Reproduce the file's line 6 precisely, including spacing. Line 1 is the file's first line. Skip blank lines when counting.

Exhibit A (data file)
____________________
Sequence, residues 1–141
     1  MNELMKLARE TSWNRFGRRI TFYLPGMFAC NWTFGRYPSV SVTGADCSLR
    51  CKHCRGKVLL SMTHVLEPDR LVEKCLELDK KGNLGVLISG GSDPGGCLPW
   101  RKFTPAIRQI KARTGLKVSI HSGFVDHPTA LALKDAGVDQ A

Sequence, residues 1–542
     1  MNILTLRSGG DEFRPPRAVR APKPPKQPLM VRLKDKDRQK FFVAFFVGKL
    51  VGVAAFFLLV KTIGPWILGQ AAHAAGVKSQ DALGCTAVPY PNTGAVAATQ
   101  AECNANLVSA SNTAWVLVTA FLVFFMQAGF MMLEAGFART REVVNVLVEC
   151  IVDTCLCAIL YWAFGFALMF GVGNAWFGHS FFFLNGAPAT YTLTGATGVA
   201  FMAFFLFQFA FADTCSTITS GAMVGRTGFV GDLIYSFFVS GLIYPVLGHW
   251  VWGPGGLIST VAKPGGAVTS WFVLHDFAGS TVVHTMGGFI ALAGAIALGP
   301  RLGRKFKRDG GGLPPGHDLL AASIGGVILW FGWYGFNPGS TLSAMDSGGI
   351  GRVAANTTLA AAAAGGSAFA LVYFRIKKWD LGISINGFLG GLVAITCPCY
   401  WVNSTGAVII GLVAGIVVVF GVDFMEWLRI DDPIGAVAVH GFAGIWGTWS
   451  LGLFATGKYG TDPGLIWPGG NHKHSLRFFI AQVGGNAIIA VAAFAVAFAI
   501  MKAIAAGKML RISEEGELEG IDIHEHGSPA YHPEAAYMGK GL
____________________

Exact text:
     1  MNILTLRSGG DEFRPPRAVR APKPPKQPLM VRLKDKDRQK FFVAFFVGKL